Aung San Suu Kyi: Freedom From Fear
Aung San Suu Kyi is a visionary. Her political and philosophical views and her own beliefs as a Theravada Buddhist with the depth and knowledge gained through her intellectual interests have made her into a global symbol of resistance. OBV's Berny Torre examines what lessons we can learn from her magnificent example.
The daughter of the father of modern-day Burma's return to her native country galvanised the hope for democracy. She was placed under house arrest for 15 of the past 21 years by the Burmese government because it viewed her as someone "likely to undermine the community peace and stability" of the country. Inspired by the non-violent political protests of Mahatma Gandhi and Martin Luther King, Suu Kyi made huge personal sacrifices for her beliefs in peaceful democratic reform of the then military state of Burma. Her decision to stay her course under house arrest in the face of pressure to leave from the ruling regime, barred from her terminally ill husband and growing children is an example to us all of incredible moral strength.
We may take pride in the close connections she has with Britain. She completed her BA in Philosophy, Politics and Economics at the University of Oxford, and her PhD in SOAS, University of London and gave birth to her two sons in London before leaving to tend for her ailing mother but later lead the democratic movement in Burma.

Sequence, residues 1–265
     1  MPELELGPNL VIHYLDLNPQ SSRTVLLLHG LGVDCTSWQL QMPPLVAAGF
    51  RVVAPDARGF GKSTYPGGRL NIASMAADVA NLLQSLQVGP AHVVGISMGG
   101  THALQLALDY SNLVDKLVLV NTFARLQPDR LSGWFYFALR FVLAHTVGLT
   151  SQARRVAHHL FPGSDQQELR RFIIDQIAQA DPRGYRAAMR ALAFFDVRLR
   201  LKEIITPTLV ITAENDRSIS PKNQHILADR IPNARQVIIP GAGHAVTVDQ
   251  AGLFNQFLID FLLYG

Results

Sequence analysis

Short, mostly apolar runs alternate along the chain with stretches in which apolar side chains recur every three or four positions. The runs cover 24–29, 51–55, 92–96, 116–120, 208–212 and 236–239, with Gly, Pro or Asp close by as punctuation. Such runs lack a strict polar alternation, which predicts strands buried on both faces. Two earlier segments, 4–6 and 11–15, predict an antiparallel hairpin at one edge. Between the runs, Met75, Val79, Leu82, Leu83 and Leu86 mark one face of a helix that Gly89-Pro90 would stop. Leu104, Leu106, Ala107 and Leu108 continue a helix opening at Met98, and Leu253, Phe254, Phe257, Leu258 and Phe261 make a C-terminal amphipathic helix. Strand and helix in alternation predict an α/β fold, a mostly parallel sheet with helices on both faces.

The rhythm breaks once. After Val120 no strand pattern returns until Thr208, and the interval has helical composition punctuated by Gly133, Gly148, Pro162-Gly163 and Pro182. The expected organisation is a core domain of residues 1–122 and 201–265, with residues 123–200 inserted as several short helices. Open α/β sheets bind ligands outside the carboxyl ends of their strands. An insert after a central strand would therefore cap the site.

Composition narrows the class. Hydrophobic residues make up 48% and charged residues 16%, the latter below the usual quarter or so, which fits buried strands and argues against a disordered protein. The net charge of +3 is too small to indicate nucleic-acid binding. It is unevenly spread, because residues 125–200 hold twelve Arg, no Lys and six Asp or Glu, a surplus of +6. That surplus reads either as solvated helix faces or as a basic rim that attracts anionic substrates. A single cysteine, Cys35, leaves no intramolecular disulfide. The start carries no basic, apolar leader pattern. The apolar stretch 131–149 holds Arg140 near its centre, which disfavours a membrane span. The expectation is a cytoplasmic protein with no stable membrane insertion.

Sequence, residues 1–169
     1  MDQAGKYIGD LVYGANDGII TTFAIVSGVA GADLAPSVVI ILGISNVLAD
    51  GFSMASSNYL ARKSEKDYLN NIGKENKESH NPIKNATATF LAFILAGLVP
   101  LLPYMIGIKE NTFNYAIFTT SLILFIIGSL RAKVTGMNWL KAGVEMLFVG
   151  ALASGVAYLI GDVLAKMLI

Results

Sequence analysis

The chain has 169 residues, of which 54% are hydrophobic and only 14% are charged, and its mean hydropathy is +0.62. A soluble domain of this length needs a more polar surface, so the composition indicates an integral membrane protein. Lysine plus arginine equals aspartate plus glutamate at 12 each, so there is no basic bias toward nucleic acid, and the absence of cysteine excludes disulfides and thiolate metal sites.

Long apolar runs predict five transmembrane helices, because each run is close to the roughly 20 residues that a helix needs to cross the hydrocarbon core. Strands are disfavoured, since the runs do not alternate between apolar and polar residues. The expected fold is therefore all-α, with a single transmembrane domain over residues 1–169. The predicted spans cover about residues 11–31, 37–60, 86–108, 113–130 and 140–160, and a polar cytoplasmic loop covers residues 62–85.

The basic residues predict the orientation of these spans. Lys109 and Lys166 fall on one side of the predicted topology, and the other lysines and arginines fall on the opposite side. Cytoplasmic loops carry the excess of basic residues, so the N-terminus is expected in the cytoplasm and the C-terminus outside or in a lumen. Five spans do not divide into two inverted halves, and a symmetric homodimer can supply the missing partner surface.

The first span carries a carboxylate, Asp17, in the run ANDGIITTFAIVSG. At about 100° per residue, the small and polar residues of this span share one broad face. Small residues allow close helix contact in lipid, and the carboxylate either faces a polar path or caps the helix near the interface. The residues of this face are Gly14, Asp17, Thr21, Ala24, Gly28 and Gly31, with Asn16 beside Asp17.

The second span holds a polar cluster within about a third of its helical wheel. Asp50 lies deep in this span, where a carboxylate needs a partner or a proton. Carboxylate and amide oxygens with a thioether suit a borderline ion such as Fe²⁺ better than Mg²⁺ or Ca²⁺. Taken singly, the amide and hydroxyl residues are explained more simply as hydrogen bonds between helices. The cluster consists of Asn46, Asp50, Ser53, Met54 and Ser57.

Taking a wider context, the ongoing story of Burma's democratic reform can help us to look at the similarities and differences between our countries, to look for parallels and applications and take a wider perspective when considering our current affairs. Exemplifying the links, Suu Kyi's philosophies have applications reaching our country and, relevant to under-represented sections of society.
Speakng about her beliefs she said,
Government leaders are amazing… so often it seems they are the last to know what the people want.
It is undeniably easier to ignore the hardships of those who are too weak to demand their rights than respond sensitively to their needs. To care is to accept responsibility, to dare to act in accordance with the dictum that the ruler is the strength of the helpless.
We too in the UK have an ongoing story of our democratic rights and Burma's recent example may serve to remind us of our own popular movements as well as the champions who made the sacrifices to give us our current freedoms.
Personally, I was struck by the idea that when Aung San Suu Kyi made her moral stand, she inspired the spirit of solidarity from a countless number of people across the globe.
One of her most famous speeches was "Freedom From Fear", which began:
It is not power that corrupts, but fear. Fear of losing power corrupts those who wield it and fear of the scourge of power corrupts those who are subject to it.
Ultimately, though fear can initially inhibit action, it can also be a catalyst for change and the lesson for me from this visionary leader, is that despite our fears, we must be the authors of our own destiny.